Companies operating in Russia feel the heat to get out, say Brock experts

For companies continuing to do business in Russia, Joachim Scholz offers a key insight: proactive is better than reactive.

“Don’t drag your feet,” says the Brock Assistant Professor of Augmented Reality Marketing. “Don’t wait until consumers get more and more frustrated before you take a stand, because then you move from building your brand to protecting your brand.”

Brock Professor of Business Ethics Paul Dunn says social consensus is saying this attack against Ukraine is wrong.

“Businesses are not only feeling that sort of pressure but are perhaps in the vanguard of opposing the war as well,” he says.

Dunn and Scholz’s comments follow announcements Tuesday, March 8 that McDonald’s, Starbucks, Coca-Cola, and PepsiCo are suspending business in Russia over its invasion of Ukraine, joining dozens of companies that have done so since the war’s start on Feb. 24.

McDonald’s and Coca-Cola faced widespread criticism for remaining in Russia after the start of the war.

Part of Scholz’s research focuses on how and why companies take a position on certain moral issues — body image, environmental sustainability, LGBTQ+ rights — that he calls “moral grey zones” because different groups of consumers take opposing sides of the debate.

But Russia’s war against Ukraine is a clear-cut, “black and white” matter that’s viewed by all consumers as being unacceptable, says Scholz.

Companies that appear to profit from the conflict — as was the case of Shell, which purchased cheap oil from Russia — come under fire quickly, he says.

“In being opportunistic, Shell was short-sighted to buy at the bargain price, but smart enough to apologize and donate the profits, a classic public relations rescue,” he says.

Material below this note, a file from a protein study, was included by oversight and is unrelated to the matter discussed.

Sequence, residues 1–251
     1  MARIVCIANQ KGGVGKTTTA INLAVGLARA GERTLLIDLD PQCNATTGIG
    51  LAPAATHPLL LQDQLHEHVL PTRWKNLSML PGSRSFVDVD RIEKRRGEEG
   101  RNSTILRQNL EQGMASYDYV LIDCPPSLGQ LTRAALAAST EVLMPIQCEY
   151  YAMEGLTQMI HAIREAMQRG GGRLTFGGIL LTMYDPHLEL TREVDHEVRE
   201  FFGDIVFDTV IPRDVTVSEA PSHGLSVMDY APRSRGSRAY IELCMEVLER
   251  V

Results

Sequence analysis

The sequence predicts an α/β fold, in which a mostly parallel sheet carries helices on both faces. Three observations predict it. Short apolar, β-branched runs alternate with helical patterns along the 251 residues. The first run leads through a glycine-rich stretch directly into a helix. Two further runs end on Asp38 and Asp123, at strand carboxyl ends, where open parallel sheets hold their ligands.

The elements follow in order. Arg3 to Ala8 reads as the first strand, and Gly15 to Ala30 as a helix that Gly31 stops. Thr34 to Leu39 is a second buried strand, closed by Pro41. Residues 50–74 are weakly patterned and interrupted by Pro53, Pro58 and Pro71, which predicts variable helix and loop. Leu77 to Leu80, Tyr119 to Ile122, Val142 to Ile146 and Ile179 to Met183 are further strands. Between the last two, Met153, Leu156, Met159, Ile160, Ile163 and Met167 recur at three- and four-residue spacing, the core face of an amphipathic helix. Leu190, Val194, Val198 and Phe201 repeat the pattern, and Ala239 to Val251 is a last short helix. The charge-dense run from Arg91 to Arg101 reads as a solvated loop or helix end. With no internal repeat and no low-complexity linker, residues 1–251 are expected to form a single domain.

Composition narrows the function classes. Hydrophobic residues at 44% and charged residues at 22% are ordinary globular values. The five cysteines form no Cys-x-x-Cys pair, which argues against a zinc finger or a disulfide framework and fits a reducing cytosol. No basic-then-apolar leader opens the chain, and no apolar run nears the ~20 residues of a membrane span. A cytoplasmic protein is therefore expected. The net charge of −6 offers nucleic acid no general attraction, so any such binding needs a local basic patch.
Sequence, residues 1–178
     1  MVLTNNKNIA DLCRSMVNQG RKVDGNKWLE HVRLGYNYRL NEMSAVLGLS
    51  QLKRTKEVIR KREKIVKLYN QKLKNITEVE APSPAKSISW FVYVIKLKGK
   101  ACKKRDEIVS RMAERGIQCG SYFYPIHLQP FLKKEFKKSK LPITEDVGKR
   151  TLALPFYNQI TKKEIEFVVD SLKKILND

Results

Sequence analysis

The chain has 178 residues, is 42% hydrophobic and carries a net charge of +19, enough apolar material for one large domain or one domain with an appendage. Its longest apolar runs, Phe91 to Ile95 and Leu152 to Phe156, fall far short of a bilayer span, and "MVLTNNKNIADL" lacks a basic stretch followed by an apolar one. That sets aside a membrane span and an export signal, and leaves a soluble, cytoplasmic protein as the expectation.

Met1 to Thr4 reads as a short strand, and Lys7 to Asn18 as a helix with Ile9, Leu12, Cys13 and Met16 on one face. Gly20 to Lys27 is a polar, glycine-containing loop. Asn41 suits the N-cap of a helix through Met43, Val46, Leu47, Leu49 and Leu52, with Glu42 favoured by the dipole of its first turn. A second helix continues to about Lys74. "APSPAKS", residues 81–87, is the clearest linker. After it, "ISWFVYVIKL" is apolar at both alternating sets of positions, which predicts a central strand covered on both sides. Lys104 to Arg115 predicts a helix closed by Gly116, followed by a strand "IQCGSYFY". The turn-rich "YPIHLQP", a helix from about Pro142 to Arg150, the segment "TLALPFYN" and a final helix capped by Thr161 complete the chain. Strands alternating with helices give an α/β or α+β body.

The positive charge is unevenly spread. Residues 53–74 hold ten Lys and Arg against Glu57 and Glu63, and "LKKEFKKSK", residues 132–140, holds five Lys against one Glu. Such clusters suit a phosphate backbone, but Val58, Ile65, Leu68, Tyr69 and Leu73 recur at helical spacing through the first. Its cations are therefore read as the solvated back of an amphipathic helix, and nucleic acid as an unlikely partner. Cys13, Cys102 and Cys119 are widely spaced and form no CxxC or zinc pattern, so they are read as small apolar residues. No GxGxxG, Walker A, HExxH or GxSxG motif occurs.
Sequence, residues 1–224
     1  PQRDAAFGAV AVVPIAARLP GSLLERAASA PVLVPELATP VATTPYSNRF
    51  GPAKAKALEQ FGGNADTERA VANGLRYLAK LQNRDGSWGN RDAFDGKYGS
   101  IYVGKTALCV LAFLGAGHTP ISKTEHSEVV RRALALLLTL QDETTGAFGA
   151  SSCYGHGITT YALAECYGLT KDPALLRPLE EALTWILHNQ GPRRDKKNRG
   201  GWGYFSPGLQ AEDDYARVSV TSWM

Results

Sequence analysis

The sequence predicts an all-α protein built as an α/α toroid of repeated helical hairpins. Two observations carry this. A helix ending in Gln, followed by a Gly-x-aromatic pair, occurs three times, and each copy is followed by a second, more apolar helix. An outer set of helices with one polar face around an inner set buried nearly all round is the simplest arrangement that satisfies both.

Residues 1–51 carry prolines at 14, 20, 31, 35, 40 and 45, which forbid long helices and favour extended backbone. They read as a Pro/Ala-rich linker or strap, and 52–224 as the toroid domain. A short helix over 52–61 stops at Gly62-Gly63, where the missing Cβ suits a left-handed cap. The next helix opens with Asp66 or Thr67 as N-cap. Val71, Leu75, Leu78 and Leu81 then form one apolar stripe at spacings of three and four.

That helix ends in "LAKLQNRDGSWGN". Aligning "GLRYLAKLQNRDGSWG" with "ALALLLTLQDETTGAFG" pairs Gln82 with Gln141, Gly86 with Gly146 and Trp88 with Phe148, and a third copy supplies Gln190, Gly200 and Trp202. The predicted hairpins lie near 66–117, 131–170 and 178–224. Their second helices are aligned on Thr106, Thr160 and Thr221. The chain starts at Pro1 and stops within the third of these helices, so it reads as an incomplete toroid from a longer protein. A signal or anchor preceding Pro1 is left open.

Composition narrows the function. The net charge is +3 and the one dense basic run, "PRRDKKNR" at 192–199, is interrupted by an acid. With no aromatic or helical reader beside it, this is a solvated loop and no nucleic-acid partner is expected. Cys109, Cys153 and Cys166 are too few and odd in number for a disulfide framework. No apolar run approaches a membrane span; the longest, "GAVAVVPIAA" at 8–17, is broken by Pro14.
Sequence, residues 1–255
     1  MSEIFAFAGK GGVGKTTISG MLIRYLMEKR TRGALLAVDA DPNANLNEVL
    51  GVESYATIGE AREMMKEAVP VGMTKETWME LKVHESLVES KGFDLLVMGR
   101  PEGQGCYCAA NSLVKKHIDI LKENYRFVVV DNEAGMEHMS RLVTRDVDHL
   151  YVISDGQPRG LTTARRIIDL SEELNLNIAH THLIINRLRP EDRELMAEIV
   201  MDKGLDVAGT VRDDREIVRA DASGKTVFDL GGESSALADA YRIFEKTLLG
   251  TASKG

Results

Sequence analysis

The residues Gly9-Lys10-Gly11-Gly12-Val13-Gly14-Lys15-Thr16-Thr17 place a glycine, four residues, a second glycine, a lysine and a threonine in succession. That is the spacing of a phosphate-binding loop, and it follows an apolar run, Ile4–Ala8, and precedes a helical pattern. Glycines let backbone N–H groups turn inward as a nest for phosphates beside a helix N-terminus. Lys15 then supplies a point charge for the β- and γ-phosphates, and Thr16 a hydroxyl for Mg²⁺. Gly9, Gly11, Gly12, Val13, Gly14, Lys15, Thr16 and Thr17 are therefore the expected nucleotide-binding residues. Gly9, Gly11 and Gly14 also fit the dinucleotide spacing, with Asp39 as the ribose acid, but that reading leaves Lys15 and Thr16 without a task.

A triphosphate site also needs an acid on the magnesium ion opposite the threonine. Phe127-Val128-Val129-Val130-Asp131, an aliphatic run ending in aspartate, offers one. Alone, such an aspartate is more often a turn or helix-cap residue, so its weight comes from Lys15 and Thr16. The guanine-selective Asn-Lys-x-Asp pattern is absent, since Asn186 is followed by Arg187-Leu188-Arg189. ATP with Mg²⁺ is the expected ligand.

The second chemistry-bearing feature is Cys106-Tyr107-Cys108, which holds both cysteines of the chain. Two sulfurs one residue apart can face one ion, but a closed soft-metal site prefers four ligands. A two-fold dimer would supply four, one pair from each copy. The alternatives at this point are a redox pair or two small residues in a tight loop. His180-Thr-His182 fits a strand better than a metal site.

Divesting early in the conflict helps a company’s public image, says Scholz, because consumers expect companies and their brands to play a positive role in society, “to show that they care and that they are willing to act on their values.”

What’s motivating this divestment effort is the war’s “moral intensity,” says Dunn, whose research focuses on business ethics, corporate social responsibility and corporate governance.

“A number of factors relate to this moral intensity, including a feeling of social, cultural and psychological nearness that we have for the victims, and all the people who have relatives there,” he says.

Companies are embracing the move to pull out of Russia, says Dunn. He refers to a March 1 letter 100 Canadian top business leaders sent to Prime Minister Justin Trudeau vowing to divest from Russia and calling other investors to do the same.

But this can have huge ramifications, ranging from revenue losses for companies to unemployment in countries where the companies operate to rising gas and food prices, says Dunn.

Companies weigh the effectiveness of divestment with the economic consequences to make their decision, he says.

“Businesses leaders now, for the most part, are very cognizant of the ethical dimensions of their decision,” he says. “Most businesses acknowledge that they work in society, they are part of society, and most try to be good corporate citizens.”

Not all businesses have investments in Russia. Those wanting to make a difference can set up

programs and services to support Ukraine, Dunn says, while referencing Airbnb, for example, which is offering free shelter to Ukrainian refugees in Hungary, Poland, Romania and Germany.

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